GoC Web 2.0 wish list for 2011 (Part 3)

This is part 3 of a 3-part series. See Part 1 here.

Just throwing the coin out there, to the Centennial Flame fountain

A year and a half ago I posted “GoC Web 2.0 wish list“. For 2011, I decided to reinvigorate the post with this update. Here’s my 10-point wish list. 10 departments, 10 wishes.

Part 3: The rest.

#8: GCPEDIA: Support the user community

I know GCPEDIA isn’t a department, but it might as well be (hey, what about as a Special Operating Agency?). The Government of Canada-wide wiki, GCPEDIA (I’ve blogged about it before) recently signed-up their 20’000th user , a big feat for this 2 year-old GoC site. As a metric, 20’000 is great, and so are the number of edits by users and articles created, but the site could have more user-focused development and responsiveness, highlighting user contributions (instead of the dissemination of the profile and words from the top public servant), supporting users mutually developing and supporting training on the tool (instead of a schedule of costly training from central agencies), and connecting with other wikis in government departments, other governments, and the public sector (instead of…not).

I for one still think we haven’t nearly scratched the surface of GCPEDIA’s potential. The real value lies in what the users can do with it, when given the trust, the means, and the support. But this will take some relinquishing of control by those at Treasury Board Secretariat (TBS) who control the system, control that TBS isn’t familiar with giving up. It’s worthwhile to underline that TBS didn’t develop GCPEDIA; they customised software that it itself was developed by community of dedicated users and programmers. As such, GCPEDIA started out as a community-developed tool (in the form of Mediawiki). GCPEDIA can adapt better to user needs, as well as innovate with improvements by the developer community by decentralising GCPEDIA and adopting broader inclusion for its administration and support.

If I were to recommend some steps: TBS can keep its hands full just trying to keep the lights blinking on the server while keeping costs low. Instead of increased expensive staffing overhead, the TBS executives involved with it can adopt a community-centric approach, and support a community of GCPEDIA administrators across the departments (many federal government departments also have wiki installations using the same platform – there is much expertise and insight to tap into). Then hand over editorial control of the front page to a user-group community of GCPEDIA users, and provide top-users with administrative/bureaucratic control, listen to the users and add the functionality they request. Support the GCPEDIA community sideways, not top-bottom. Rinse, repeat.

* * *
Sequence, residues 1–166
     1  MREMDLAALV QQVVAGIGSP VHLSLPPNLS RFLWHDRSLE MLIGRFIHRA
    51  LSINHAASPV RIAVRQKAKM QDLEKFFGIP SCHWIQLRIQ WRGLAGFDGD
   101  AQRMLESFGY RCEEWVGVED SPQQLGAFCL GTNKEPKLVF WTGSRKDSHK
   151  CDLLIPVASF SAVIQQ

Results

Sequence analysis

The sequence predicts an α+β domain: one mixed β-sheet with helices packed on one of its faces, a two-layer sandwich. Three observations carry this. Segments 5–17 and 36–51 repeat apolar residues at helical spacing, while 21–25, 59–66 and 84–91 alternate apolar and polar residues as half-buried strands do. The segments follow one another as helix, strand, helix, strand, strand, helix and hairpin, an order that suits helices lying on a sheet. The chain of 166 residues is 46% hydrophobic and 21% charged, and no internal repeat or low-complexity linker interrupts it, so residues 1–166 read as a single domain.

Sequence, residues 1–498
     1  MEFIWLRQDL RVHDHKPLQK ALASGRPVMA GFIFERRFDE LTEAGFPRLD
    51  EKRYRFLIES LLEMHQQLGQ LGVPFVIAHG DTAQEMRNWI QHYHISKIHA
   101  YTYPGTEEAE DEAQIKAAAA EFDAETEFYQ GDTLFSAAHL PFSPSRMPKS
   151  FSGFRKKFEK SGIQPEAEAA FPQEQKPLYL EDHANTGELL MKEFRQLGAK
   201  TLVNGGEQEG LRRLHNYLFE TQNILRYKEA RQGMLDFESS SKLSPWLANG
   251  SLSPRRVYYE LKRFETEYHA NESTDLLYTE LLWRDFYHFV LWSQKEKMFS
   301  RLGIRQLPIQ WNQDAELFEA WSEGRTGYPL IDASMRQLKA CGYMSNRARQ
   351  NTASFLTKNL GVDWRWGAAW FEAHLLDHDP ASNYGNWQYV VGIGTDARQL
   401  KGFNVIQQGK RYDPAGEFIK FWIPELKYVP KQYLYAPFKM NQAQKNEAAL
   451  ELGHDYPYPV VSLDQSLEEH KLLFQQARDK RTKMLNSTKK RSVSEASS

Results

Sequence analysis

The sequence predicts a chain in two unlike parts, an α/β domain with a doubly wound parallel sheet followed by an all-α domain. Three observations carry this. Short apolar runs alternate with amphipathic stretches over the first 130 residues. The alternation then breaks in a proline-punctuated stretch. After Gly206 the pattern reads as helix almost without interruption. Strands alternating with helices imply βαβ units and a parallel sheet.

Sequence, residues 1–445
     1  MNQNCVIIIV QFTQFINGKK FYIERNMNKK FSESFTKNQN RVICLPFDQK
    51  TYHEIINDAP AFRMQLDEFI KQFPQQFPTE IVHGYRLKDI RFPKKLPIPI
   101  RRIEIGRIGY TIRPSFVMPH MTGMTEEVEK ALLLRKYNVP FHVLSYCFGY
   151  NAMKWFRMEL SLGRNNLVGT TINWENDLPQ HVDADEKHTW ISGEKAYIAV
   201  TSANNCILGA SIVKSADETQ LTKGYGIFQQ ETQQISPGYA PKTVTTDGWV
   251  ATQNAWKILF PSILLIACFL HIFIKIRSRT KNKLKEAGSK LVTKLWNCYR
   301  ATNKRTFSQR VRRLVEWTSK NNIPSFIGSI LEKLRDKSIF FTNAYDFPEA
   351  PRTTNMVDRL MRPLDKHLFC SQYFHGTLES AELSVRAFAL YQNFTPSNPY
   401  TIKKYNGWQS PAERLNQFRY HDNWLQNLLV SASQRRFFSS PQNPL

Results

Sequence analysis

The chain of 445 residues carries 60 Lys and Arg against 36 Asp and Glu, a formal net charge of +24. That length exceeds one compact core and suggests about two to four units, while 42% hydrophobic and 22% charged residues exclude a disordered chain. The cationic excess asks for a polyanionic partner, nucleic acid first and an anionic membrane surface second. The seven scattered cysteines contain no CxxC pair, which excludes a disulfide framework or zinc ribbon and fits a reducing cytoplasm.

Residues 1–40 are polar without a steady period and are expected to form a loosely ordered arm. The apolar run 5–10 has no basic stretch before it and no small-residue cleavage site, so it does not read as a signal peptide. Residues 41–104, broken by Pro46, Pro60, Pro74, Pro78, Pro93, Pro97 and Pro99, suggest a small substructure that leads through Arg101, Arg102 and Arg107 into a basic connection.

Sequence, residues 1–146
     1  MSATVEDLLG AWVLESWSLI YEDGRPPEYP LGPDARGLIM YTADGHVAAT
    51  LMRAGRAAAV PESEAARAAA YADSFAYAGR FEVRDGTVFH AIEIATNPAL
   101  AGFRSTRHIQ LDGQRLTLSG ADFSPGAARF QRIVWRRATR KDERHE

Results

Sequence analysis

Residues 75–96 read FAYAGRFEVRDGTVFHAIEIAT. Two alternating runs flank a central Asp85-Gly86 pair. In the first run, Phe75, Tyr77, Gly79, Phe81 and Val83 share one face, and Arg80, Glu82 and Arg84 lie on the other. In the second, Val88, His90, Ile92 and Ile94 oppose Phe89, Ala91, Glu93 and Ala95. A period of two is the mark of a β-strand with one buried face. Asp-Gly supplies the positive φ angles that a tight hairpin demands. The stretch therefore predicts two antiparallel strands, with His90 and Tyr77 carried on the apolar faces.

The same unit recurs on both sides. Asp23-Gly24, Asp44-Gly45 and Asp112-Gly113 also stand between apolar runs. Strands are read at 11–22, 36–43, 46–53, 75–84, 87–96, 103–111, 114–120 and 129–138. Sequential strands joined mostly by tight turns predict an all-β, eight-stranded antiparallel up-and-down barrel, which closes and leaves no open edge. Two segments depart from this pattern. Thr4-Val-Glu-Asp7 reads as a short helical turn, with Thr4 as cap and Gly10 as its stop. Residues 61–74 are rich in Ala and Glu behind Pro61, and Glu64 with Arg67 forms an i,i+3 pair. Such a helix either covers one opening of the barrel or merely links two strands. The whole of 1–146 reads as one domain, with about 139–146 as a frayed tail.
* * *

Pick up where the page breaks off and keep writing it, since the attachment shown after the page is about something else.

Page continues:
#9: Public Works Government Services Canada (PWGSC): Unfog the cloud

Cloud computing is the next big thing for big organisations. Benefiting from web-based applications and lowering costs to connect computers to the Internet, organisations can lower costs dramatically, better share resources, and improve the management of resources. Last year, the PWGSC CTO  presented at GTEC about what the GoC was going to do about Cloud Computing. The only conclusion to be had from the presentation was that GoC’s central service provider monopoly was just getting to understand the cloud, and what it understood; wasn’t much. Fortunately 4 months later, Danek clarified understanding on the topic revealing promising insights about PWGSC’s “plans” to cut costs, centralise services, and provide departments with value-added choice, after a decade of cutting IT staff (“centralising staff”), limiting options (“streamlining offerings”) and raising costs (“procurement“). A few months ago, the CTO stated that the federal government is now “cautious about the cloud“, managing expectations and what PWGSC can do with it.

While PWGSC gathers its bearings on the issue, the US Government took a bold step to adopt a “Cloud-first” strategy, pressed by similar pressures as the Canadian government: budget, resources, performance. Whether the federal government continues to adopt cloud computing or not, much is at stake for PWGSC, to either emerge as a valuable department providing services to government departments, or continue providing the mandatory minimum..

#10: All GoC departments (CIC, HRSDC, CBSA, INAC, etc):  Stop blocking employee Internet access

It’s ironic for GoC departments to hire the most skilled and dedicated for the noblest of professions in Canada, only to stifle their talents by putting blinders and hinder their movement. I’ve written about it before, and it saddens little has changed. The problem is largely one with infrastructure, and blocking is an administrative solution to a resource issue. It may also stem from a managerial problem (block time-wasting sites to raise productivity), and that reveals a culture problem (employees looking to waste time) based on false assumptions (time on Facebook is time otherwise not wasted).

The solution? Raised understanding by executives. Internet sticks for everyone.  Arrangements to allow employees to work from home. Anything.
The solutions are as varied as the levels and reasons for blocking among departments. These are all piecemeal solutions. The problem is cultural. We’ve been through the problem, the reasons and the solutions before. For me, the logic is sound: what’s good for the goose is good for the gander. If the DM has unblocked access to the Internet, public servants in the department should too. Me, I just hope public servants everywhere have unblocked access to the information they need.

There you have it, my Federal Government Wish List.

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